143.2 overs, 27 wickets at 12.25, BB 6-48
4 innings, 133 runs at 66.5, HS 51no
Can we give an 11? You could say, not since Sir Richard Hadlee and Shane Bond has a pace bowler stated his arrival so emphatically, but even those two made comparatively slow starts to their test careers. The numbers speak for themselves and Jamieson’s bounce, swing and aggression will trouble all the top batsmen and lifts the pace quartet to new heights. The near hat-trick at the Basin remains one of the most electric overs delivered there in years.
165.4 overs, 18 wickets at 24.05, BB 5-32
A quiet test at Hagley but a mammoth contribution in their rise to No 1 as the most-used home bowler of the summer. Snared plenty of wickets himself with that lethal outswing and surprise variations on the crease, and the pressure built up early alongside Trent Boult allowed Jamieson to capitalise. Still the team alpha and go-to when the going gets tough, and looked to have benefited from the Covid break too.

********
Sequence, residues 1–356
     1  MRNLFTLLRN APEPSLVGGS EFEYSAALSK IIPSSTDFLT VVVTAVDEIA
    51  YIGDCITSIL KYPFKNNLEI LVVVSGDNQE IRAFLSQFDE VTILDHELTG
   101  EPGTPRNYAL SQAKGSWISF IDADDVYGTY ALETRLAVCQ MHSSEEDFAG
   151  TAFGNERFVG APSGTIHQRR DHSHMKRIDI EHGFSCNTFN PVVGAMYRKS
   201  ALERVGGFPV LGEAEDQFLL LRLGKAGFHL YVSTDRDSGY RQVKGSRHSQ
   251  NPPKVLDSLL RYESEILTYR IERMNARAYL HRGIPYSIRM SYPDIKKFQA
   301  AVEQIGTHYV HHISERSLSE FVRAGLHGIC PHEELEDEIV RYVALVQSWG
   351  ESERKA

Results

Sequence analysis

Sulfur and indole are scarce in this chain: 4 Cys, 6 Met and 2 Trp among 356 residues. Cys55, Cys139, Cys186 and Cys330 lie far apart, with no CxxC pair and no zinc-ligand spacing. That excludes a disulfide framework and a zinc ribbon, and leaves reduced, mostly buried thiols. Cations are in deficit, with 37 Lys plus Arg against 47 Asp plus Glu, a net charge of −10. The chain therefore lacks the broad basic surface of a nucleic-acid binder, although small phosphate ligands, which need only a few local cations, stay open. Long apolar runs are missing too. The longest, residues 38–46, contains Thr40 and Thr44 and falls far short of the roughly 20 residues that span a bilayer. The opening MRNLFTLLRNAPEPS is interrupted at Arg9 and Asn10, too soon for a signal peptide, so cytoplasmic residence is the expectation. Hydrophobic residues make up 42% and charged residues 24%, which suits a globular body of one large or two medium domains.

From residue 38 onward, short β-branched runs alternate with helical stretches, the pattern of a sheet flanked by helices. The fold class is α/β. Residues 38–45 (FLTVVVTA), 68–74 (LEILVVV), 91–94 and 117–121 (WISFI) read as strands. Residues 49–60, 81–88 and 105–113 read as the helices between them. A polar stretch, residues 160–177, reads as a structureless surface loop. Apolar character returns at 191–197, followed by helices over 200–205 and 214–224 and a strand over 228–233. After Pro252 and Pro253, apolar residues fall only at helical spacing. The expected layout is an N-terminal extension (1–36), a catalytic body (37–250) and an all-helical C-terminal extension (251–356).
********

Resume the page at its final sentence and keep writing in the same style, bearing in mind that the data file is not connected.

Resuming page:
107 overs, 13 wickets at 22, BB 4-66
Colin Meads (broken arm) and Buck Shelford (torn, um, you know), played on for the All Blacks. Now Wagner joins this particular hall of fame as he hobbles about in a moon boot with two fractured toes. In a mind-boggling display, Wagner defied endless needles and extreme pain to charge in and help bowl New Zealand to victory at Bay Oval, after an already impressive start to the season in Hamilton with 10 good toes.
157.3 overs, 14 wickets at 35.07, BB 3-43
Not poor by any measure, but also not at the standards we’ve become accustomed to. Bowled some wonderful spells without luck, as at the Basin, but also strayed too often at Hagley when the ball was hooping around corners. The pace and swing remains, so nothing appears awry, so maybe the lack of any first-class cricket and miles in the legs while he starred in the IPL bubble was the issue.
32 overs, 1 wicket at 93, BB 1-68
Bowled better than his figures suggested on day one, but a solitary wicket across 83 test overs on his home ground (against Australia and Pakistan) tells a story. Consistently good for Canterbury with the new red ball but will never get it in the Black Caps test side with Southee and Boult there, so should only be considered if one of them is absent. A 50-plus test average remains glaring.
Selected but ruled out through injury: Colin de Grandhomme (foot), Ajaz Patel (calf).
Selected as cover but not used: Devon Conway